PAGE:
Apple initially tried to secure a patent licensing deal with Samsung, a court report shows, highlighting a conciliatory approach that shifted to a contentious legal struggle.
U.S. District Judge Lucy Koh, who denied Apple’s attempt to ban Samsung’s Galaxy devices in the U.S., left details in the ruling that she’d intended to black out, according to an exclusive report from Reuters.
Koh’s staff realized the error and sealed the electronic document, posting a revised version fours later, but for a short period, the entire original ruling was available.
The redacted sections offers a glimpse of the early dynamics between Apple and its rivals, before competition escalated beyond the marketplace to the complex tangle of patent litigation that has snared nearly all major phone makers across the globe, with Apple often lining up against Android phone makers.
The court document touches on licensing deals Apple has with other companies over a key patent that covers scrolling documents and images on touch screen devices. Apple has licensed the patent to IBM and Nokia, the tech blog The Verge first revealed over the weekend.
Apple also offered Samsung a royalty license in November 2010, the ruling said, five months before it sued the South Korean company in the U.S., but the companies didn’t appear to have discussed design patents.
Apple is suing makers of Android devices worldwide, and even the late CEO Steve Jobs vowed to battle Android because it “copies” other software. But the licensing deals revealed through the ruling shows the Cupertino, Calif.-based company was actually willing to work with Android phone makers, at least before Android devices became more competitive in the market.
The blacked-out portions of the ruling also indicated Apple’s studies show existing customers aren’t likely to switch to Samsung devices, but an increase in Samsung sales may come at the expense of other Android smartphones, which are also in competition for Apple’s sales.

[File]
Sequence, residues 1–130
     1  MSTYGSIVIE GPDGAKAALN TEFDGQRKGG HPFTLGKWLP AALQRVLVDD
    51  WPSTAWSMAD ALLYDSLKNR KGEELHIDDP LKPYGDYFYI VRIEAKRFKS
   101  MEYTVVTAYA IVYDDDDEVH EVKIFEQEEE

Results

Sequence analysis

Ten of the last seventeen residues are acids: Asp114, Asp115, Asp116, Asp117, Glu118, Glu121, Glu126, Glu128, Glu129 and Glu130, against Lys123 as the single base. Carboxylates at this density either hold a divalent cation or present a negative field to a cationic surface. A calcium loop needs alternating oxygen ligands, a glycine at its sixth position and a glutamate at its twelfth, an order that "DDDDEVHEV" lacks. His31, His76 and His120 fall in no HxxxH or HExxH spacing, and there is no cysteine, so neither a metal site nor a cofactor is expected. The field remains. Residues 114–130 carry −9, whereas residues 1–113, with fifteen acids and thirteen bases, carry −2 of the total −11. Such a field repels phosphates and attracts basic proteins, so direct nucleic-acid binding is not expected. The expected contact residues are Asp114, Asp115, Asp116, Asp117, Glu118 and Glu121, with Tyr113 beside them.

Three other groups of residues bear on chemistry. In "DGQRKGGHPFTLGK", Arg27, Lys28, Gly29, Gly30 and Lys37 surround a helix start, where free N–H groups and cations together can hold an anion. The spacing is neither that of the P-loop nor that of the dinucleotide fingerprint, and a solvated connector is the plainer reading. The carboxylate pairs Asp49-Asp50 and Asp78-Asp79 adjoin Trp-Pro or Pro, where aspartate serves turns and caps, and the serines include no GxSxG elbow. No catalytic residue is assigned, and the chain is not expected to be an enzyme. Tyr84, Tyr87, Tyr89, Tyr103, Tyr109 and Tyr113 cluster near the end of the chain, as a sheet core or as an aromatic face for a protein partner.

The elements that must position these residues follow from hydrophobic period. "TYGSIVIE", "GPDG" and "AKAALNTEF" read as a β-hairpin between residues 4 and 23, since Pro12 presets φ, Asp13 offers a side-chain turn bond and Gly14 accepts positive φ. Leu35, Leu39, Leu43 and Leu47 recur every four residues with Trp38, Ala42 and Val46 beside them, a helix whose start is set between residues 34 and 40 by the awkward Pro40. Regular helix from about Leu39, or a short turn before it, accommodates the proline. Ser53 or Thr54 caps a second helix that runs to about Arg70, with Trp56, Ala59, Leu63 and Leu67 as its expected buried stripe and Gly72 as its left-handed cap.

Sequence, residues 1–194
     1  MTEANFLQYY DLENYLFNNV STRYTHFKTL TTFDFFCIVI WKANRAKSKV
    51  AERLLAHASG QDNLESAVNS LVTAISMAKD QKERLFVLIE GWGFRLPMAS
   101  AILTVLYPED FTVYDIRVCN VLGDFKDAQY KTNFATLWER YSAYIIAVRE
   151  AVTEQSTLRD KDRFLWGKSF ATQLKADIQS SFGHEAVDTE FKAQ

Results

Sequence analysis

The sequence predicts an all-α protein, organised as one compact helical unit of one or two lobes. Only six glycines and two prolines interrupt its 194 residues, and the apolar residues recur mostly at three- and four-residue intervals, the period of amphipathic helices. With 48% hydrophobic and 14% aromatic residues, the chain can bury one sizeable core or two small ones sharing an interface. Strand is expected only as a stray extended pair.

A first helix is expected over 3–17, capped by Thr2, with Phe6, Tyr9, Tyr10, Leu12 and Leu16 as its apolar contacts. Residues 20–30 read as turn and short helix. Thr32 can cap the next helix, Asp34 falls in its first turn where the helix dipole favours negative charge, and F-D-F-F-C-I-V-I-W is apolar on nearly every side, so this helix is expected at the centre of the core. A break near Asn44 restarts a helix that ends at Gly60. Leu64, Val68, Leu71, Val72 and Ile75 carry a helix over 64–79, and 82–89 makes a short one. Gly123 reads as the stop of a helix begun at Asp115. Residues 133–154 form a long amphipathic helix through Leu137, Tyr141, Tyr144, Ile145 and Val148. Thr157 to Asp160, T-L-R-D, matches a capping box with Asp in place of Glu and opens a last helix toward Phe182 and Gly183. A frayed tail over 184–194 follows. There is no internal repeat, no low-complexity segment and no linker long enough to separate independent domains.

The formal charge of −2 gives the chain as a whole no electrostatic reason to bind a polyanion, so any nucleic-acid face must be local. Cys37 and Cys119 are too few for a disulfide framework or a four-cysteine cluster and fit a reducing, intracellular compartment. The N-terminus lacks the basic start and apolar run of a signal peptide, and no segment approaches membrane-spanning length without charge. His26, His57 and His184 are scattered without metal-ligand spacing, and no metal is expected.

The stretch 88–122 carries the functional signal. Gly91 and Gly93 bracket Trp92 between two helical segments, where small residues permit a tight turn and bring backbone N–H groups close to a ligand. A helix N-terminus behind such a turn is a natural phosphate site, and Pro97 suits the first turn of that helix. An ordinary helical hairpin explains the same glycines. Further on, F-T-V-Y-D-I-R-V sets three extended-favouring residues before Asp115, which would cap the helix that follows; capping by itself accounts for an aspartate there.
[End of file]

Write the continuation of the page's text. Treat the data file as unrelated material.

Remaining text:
Last Friday, the U.S. court didn’t uphold Apple’s claims that Samsung’s products copy the design of the iPhone and iPad, so Samsung can keep its Galaxy products on sale in the U.S. until the trial starts next year, including through the lucrative holiday shopping season.
Koh and other judges generally seal documents in patent cases because companies claim the paperwork can contain trade secrets. Koh has kept all of Apple and Samsung’s requests to keep certain documents sealed in the lawsuit, so the sneak peek at Friday’s entire ruling was a rare inside look at the companies’ cases, as well as the inner workings of Apple and Samsung.
According to Reuters, Koh tried to hide about two dozen sentences, but a formatting issue in the first electronic form allowed the redacted material to be viewed by copying text from the PDF and pasting it elsewhere. The version now available has been fixed.
Emery Law professor Timothy Holbrook, who reviewed Koh’s ruling, said the paperwork didn’t appear to have any of either company’s trade secrets included in the blacked out sections.
“Most of it just seems like it was sealed out of an abundance of caution,” Holbrook said.
The California case is just one in the companies’ global legal war, which includes courtroom battles in Europe, Asia and Australia. Apple has sold more than 30 million iPads so far, but the Samsung Galaxy Tab 10.1 is considered its closest competitor. The companies will likely continue their attempts to keep each other’s devices off the market, dampening hopes of a settlement.